Political discourse in the United States has been saturated with opponents accusing each other of Nazi-like behavior. Recently, California Attorney General Jerry Brown likened the attack ads of Meg Whitman, his Republican opponent in the race for governor, to the tactics employed by Nazi propaganda chief Josef Goebbels.
Last week, Sarah Palin criticized President Obama's handling of the BP crisis in a tweet to followers recommending they read an article by Thomas Sowell that compared Adolph Hitler's use of a financial crisis to give himself dictatorial powers to Obama's role in creating the BP escrow fund.
A few months ago, speaking about the controversial Arizona immigration bill, Lillian Rodriguez Lopez of the Hispanic Federation reportedly compared the measure to tactics used by the Nazis in Germany.
The Holocaust was a watershed event in the history of mankind, in which 6 million Jews were exterminated -- one-third of the world's Jewish population. But today the word is used in ways that cheapen it.
Last fall, Democratic Rep. Alan Grayson of Florida spoke on the House floor about the need for universal health care, saying that Americans die every year because they lack insurance. "I apologize," he said, "that we haven't voted sooner to end this holocaust in America."
In 2007, former Arkansas governor and Republican presidential candidate Mike Huckabee used the word in speaking out against abortion -- "the holocaust of liberalized abortions under a flawed Supreme Court ruling in 1973."
And syndicated columnist David Sirota recently applied the term to the BP gulf oil disaster, saying, "Every American who uses oil is incriminated in this ecological holocaust."
The continued trivialization of the word prompted Elie Wiesel, Nobel laureate and chronicler of the Holocaust, to discontinue using it.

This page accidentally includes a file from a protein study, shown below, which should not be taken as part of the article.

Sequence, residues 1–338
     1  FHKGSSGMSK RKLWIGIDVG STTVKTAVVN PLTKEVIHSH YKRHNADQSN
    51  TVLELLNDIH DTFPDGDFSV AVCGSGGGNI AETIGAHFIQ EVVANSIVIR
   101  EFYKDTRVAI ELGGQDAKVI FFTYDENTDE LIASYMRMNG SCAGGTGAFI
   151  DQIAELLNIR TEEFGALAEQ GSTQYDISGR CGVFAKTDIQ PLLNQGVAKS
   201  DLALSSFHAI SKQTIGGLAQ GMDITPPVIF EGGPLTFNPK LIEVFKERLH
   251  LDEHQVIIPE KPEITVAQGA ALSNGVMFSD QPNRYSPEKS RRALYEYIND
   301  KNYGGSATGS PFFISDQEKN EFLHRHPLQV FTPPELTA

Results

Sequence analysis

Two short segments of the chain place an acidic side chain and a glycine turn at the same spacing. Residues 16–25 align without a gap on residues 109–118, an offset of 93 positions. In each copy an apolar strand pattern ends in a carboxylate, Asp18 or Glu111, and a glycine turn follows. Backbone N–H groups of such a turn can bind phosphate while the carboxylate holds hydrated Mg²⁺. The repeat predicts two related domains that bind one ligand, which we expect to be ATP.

There are many injustices in our world, even in our own country. Standing up to them is our obligation. But that obligation does not include demeaning the word that has come to stand for the great evil that was the Holocaust.
The Holocaust was a total eclipse of humanity. It was not about going to the back of the line or eating in a different part of the restaurant or being escorted to the border without recourse.
The Holocaust was the story of ordinary Germans: students, doctors, men and women of culture, who were not demented, who listened to Bach and Beethoven, who loved their families, who were not diagnosed as psychopaths, but who nonetheless for six years rounded up men, women and children and escorted them to the gas chambers.
That was the Holocaust. It is not the BP oil disaster, it is not health care, it is not the Arizona law, it is not the attack ads of Meg Whitman, it is not abortion, and it is not even horrific violations of civil rights.
If you were to try to call out 2,000 of the names every day of the 6 million who perished, it would take more than eight years to complete the task.
Rabbi Marvin Hier is the founder and dean of the Simon Wiesenthal Center. He wrote this article for the Los Angeles Times.
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